Tuesday, October 25, 2011

WoW Player Activity

There is this chart making it's rounds on the internet for quite some time now. It shows player activity between 2005 and 2009 as measured by Warcraftrealms.com and its addon CensusPlus.

There's also this chart of the last year of player activity at Warcraftrealms.com.

Now, the big question, of course, is how this data correlates with subscribers. After all, everybody would like to know how deep the slump between patches actually is for Blizzard. But they insist on only telling us the subscriber peaks.

Since I love riddles and playing detective, I compared this data with the official player numbers by Blizzard between 2005 and 2009. We have very good data from this time intervall, because Blizzard was so surprised and proud about the success of WoW that they constantly told us the newest peak; often every month. The data comes from mmodata.net

Little reminder: TBC was released January 2007. WotLK was released November 2008.

The red line is the official subscriber number. The blue line is the player activity scaled with the factor 11. As you can see, during classic WoW the player activity was very good at predicting subscriber numbers. Later it tended to underestimate the number of subscribers. One reason is probably that WOWCensus only works for NA/European realms and WoW started to grow rapidly in China and other places.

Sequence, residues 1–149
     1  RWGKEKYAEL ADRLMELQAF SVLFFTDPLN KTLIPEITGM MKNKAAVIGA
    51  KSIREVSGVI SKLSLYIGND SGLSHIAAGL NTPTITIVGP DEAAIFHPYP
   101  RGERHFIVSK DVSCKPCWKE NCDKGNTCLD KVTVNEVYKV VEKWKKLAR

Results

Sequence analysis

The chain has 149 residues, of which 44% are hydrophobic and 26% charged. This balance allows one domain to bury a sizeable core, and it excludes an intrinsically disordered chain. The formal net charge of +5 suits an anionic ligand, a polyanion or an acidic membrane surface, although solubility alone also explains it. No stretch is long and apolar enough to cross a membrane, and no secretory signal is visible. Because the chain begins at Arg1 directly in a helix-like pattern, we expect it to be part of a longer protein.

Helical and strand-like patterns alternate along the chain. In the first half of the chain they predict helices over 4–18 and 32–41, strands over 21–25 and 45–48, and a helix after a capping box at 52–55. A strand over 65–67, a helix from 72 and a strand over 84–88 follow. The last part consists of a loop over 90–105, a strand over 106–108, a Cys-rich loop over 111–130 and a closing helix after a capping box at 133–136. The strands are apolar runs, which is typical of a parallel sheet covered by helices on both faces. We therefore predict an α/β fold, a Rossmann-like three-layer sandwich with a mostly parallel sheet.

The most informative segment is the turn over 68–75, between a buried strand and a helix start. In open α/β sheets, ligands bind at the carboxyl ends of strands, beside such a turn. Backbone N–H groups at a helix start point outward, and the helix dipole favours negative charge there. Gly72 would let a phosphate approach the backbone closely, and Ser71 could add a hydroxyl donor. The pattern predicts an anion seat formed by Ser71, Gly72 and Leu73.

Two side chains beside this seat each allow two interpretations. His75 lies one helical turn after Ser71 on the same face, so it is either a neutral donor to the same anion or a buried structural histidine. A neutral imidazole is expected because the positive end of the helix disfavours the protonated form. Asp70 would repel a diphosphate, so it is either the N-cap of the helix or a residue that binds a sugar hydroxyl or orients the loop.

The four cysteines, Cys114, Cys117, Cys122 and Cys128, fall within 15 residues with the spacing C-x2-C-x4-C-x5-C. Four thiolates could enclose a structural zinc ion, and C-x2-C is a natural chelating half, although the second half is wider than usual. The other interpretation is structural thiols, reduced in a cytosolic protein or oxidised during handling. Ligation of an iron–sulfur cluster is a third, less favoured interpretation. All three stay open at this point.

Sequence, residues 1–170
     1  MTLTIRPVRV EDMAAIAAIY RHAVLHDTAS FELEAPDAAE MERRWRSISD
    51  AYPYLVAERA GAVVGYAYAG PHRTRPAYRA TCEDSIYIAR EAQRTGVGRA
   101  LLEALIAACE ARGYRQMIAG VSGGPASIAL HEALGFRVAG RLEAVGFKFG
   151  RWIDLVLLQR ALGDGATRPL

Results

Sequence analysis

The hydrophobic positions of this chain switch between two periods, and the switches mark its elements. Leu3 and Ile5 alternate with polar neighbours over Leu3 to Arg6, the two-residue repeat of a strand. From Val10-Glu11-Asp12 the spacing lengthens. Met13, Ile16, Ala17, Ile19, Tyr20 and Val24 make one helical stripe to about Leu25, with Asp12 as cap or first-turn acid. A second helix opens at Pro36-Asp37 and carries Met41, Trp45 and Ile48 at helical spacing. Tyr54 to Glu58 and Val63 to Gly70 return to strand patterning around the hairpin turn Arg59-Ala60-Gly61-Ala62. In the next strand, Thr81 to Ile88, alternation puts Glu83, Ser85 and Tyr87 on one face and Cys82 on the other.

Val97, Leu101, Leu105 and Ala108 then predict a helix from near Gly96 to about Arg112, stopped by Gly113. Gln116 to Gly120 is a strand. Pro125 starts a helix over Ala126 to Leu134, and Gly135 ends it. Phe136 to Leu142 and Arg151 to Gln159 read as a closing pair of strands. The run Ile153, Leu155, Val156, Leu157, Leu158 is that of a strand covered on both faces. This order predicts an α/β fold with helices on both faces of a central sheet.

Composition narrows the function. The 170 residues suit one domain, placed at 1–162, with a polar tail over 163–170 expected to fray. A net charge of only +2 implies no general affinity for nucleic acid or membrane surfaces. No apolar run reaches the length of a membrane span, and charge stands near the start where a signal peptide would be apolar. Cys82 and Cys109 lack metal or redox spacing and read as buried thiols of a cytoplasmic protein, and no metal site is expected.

If anybody has some WoWCensus data for a larger timeframe, or knows why January seems to be counted twice in that chart, please leave a comment.


  1. I wonder why we get a rogue legendary and not a warlock legendary.

    Or, surprise, surprise, the caster legendary didn't really help to make warlock more played. Clearly it will lead to more rogues.

    And what are you trying to say with the last graph? That since WotLK player spend less time in game then before?

  2. I am just saying what I am saying, Kring :).

    I would be interested in finding out more about this Warcraftrealms census data. And I did this little analysis to find out how credible it actually is. The result is: Well, it's at least not completely useless.

    I also used this opportunity to link some WoW activity data. I know that some readers will react hostile towards it and are right now pondering about how to elegantly comment that WoW is not declining at all. Hi guys! :)

    But, anyway. I think this post has some valuable information and maybe someone leaves an insightful comment regarding this Warcraftrealms.com page. I have a long tradition on this blog figuring out how well WoW does. This post is just one in a row.

  3. I like data and charts. And just because it. like almost all business data, is not 100% accurate or "provable" does not prevent it from providing insights and being interesting.

    However, I think there is a real problem with the WoW numbers: China. Customers dropped during LK as a couple of million Chinese "subscribers" literally overnight due to the dispute with the company/government. AB quit releasing the figures presumably when they would have shown a huge and first ever subscriber drop. (Probably rightly so; a contract dispute in China says nothing about WoW's prospects in the rest of the world and little about WoW's long-term prospects in China. ) Nor have I seen anything that says where the latest .5 million drop was evenly distributed. I.e. did it decline 5% everywhere or decline 1.5m in US/Europe and gain 1m in Asia for a net -0.5m. I.e. we do not know if US/E subscribers grew slightly or dropped 25% in the last year.